ENTITLED “The Future of Freedom”, the ninth anniversary celebration of the Institute for Democracy and Economic Affairs (Ideas) and the commemoration of the birthday of Tunku Abdul Rahman Putra Al-Haj was a simple but elegant evening, consisting of four speeches and a book launch accompanied by a tasty dinner.
I began by welcoming members of Tunku Abdul Rahman’s family and two special guest speakers – Dr Ong Kian Ming and Prof Emeritus Datuk Dr Mazlan Othman – noting that while the director of the International Science Council regional office for Asia and the Pacific could not possibly have a fake degree, deputy ministers in the Malaysian government can.
Luckily, Ong went to my alma mater and I have verified that his degree from the London School of Economics is genuine.
There was a suggestion made after May 9 last year that Ideas should close shop since a new government had now been formed. But these statements were abysmally ignorant because the pursuit of liberty and justice does not end with a mere change of government, particularly when that government is a coalition of disparate components and agendas.
Or it was astronomically optimistic because even if a government has noble ideals and a singular motivation, disruption in politics is constant.
We have already seen such disruption in the form of policy reversals, new (substantive) allegations of corruption, bickering about leadership and the shameless politics of division that many voters thought we would leave behind.
Thus, I was pleased to hear someone say more recently that Ideas is needed now more than ever to strive for a consistent voice of reason in a muddled political environment, to produce high-quality research that informs debate, to advocate in areas of public policy that others overlook, to initiate special projects (such as Ideas Academy and the Ideas Autism Centre) so that policy proposals have solid groundings, and to always remind everyone that the founding vision of our country is still relevant and attainable.
While last year’s general election showed that there can be beacons of democratic hope in a world of populism, authoritarianism and division, such beacons are fragile.
We have a responsibility to ensure that the democratic space that has been created is strengthened – and we can only do this with the support of like-minded individuals and organisations from diverse sections of society so that our funding is as democratic as our objectives.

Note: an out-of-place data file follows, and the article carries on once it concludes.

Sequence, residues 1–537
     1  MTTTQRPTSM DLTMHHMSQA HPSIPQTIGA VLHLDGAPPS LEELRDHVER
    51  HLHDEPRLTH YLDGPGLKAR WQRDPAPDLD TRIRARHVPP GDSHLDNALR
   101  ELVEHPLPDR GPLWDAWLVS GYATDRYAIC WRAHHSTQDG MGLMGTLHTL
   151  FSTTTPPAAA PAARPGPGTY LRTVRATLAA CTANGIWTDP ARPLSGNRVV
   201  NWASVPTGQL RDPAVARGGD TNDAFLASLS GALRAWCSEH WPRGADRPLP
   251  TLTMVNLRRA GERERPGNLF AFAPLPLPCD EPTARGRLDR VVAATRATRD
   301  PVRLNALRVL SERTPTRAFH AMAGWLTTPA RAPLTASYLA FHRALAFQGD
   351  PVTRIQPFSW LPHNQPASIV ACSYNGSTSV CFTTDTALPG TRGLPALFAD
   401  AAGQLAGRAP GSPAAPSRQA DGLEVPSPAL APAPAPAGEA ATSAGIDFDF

Ideas chief executive officer Ali Salman then gave a detailed account of our work over the past year, including RM25.3mil of PR value generated, 20 publications and 41 conferences, forums, seminars and workshops across the themes of inclusive development for all, ensuring trust in institutions, advancing a competitive economy and Asean.
Ong delivered an important message in his keynote address: that the fruits of capitalism and globalisation are perceived to be failing by many sections of the population, causing real feelings of alienation and discontent.
But while some (including his more left-wing colleagues in his party) would argue that the system should be overhauled or replaced by a more socialist approach, he succinctly articulated what lies at the heart of Ideas’ mission: to show that capitalism can and should serve the most disadvantaged people in our society.
Intervention, he pointed out, does not necessarily equate to authoritarianism, but rather can mean institutional reform that strengthens markets by decentralising monopolies, reforming the labour market and encouraging competition through smarter regulations.
Importantly, markets need to develop a heart, a face and a compelling narrative in order to thrive, particularly in the face of the dominant narrative of authoritarian intervention today.
Dr Serina Abdul Rahman from the Iseas-Yusof Ishak Institute also highlighted the disparity between the urban rich and the rural poor, and stressed the need for politicians to develop policies that uplift everyone.
Tunku Abdul Rahman, she said, was one such leader who was able to empathise with and articulate solutions for different parts of Malaysian society.
Aptly, the second edition of Dialog: Thoughts of Tunku’s Timeless Thinking was then launched. Featuring new essays by Datin Paduka Marina Mahathir and Khairy Jamaluddin among others, this book contains memories and inspirations of our first prime minister by Malaysians from diverse backgrounds and professions.
The evening concluded with a new frontier for Ideas with Mazlan, Malaysia’s leading astrophysicist, sharing her thoughts on the future of freedom.
She spoke about the importance of shared assets of humanity like the environment that should be protected, but her views on the role of technology and its enabling effect on freedom, particularly towards space exploration, were particularly exciting.
While the mission of Ideas remains the furtherance of our country’s founding principles, it remains my belief that strong democratic institutions are the only way for us to reach the stars.
Tunku Zain Al-‘Abidin is the founding president of Ideas. The views expressed here are entirely the writer’s own.
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